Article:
It is a scene you never want to experience.
"When you fall through the ice, immediately you almost go into shock. just the sudden rush of how cold it is, you become immobilized, and you gasp for breath," Rush Fire Department member Vern Wandersleben said.
If you fall through the ice in Rush these firefighters could be the difference between life and death. I had the opportunity to get a first-hand look at exactly what goes into an ice rescue: starting with a lot of manpower.
"The simple one person rescue, you're probably talking about a dozen people to do it the safe way," Rush Fire District Chief Jim Bucci said.
From the rescuers in the water to those on shore, to those ready to tend the victim once safely out of the water. It all starts with a 16-hour training course to get certified.
"That's certified - 16 hour class, 8 hours in the classroom, 8 hours hands on, then you're certified. however certified and experienced are two different things," he said.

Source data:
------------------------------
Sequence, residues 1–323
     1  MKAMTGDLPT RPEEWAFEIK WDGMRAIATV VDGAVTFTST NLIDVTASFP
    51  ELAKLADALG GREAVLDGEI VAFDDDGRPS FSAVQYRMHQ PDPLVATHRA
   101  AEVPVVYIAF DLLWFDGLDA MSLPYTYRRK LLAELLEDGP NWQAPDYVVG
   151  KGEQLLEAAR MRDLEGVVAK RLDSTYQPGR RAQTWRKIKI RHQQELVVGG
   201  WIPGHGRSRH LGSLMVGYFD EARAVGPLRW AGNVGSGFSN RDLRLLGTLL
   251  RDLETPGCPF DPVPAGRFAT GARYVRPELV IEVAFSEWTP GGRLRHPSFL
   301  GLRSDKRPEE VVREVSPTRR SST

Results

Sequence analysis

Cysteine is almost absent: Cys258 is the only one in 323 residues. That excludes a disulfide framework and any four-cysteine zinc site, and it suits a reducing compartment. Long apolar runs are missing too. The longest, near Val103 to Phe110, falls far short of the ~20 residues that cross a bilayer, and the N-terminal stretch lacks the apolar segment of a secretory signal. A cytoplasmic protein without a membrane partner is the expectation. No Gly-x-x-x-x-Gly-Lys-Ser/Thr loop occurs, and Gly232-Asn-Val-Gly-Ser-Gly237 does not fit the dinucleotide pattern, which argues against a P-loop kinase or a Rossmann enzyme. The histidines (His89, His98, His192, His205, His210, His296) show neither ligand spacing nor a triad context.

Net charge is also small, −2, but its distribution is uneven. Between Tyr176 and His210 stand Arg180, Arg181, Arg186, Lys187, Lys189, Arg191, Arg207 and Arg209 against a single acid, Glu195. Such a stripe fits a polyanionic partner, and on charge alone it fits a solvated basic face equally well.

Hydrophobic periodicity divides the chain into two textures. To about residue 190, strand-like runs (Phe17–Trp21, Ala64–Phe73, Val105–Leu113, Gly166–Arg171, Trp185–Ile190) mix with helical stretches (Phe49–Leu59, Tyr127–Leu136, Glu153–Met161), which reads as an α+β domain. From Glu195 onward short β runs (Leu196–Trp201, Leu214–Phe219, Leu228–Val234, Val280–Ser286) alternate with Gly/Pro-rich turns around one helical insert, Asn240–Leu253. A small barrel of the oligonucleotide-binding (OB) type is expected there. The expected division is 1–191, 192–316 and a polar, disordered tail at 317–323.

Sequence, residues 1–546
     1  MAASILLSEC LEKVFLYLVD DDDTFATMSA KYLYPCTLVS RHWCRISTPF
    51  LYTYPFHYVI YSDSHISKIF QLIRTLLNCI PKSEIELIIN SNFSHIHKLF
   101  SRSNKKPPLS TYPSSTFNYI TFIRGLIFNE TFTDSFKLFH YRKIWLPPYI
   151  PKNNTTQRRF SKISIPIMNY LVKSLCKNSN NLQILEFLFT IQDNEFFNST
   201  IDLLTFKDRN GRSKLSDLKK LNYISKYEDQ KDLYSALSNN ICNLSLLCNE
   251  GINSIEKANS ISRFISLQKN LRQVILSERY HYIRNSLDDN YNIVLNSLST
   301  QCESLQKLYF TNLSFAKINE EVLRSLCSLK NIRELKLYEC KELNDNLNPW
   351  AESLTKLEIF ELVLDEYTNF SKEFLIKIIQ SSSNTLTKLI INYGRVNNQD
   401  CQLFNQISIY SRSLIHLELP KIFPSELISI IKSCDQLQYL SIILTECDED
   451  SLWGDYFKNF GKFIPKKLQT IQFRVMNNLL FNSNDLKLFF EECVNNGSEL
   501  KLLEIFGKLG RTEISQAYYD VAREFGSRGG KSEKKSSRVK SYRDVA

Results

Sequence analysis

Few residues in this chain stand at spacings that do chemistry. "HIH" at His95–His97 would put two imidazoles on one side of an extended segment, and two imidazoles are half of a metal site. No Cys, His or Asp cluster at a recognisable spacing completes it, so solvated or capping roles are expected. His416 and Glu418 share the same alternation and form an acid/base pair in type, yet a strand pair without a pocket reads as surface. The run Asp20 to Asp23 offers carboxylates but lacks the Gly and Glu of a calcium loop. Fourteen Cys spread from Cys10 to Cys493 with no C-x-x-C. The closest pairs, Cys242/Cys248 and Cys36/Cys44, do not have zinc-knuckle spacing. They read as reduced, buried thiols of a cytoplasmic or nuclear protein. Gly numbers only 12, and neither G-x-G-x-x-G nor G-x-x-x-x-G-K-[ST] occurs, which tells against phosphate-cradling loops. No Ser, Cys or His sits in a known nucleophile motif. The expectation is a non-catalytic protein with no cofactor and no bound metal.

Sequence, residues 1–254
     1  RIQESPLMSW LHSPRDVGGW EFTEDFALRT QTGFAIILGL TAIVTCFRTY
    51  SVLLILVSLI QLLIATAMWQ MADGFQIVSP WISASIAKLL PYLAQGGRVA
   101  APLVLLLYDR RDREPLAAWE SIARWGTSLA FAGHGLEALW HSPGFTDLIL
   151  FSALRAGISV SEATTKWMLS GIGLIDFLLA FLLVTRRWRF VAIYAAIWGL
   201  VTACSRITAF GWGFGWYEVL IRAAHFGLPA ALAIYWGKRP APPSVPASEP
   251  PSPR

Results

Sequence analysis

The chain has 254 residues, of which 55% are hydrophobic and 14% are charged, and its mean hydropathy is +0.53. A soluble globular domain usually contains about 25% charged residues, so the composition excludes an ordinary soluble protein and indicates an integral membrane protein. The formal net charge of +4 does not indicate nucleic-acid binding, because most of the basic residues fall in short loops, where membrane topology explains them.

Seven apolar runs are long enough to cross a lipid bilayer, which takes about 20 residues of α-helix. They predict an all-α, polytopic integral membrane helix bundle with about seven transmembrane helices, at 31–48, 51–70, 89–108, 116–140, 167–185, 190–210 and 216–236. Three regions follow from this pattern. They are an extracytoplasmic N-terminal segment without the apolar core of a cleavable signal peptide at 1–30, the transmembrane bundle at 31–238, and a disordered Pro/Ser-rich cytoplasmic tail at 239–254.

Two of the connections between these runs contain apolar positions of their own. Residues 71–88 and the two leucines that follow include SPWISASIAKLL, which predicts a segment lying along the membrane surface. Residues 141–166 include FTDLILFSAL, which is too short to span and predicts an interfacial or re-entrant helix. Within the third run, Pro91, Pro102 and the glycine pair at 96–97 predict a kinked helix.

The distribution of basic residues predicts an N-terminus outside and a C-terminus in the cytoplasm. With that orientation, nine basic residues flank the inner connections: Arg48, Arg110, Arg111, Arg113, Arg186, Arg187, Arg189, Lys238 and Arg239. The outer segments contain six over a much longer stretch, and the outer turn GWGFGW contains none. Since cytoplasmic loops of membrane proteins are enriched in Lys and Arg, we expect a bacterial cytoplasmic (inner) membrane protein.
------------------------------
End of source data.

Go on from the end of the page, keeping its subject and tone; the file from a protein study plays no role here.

Bucci says it takes years of experience to perfect a water rescue.
"In our department as well as our battalion, in my opinion we have reached that milestone where we are not perfect, but we have definitely got the resources, the skilled and trained people to be effective with rescues," he said.
The district started their water rescue program in the mid 90s.
"We've grown and we've worked as a battalion together. When money was tight, one department would get suits, another department would get a boat. the other department would get boats and we started working as a battallion together, and since we've done that since 1996, most departments have saved up enough money so all the departments have their own equipment now," Buuci said.
The Rush Fire District has several volunteers certified and ready to save a life. With the hundreds of lakes, ponds and streams in the area, every training rescue like this one may be the key to saving a life.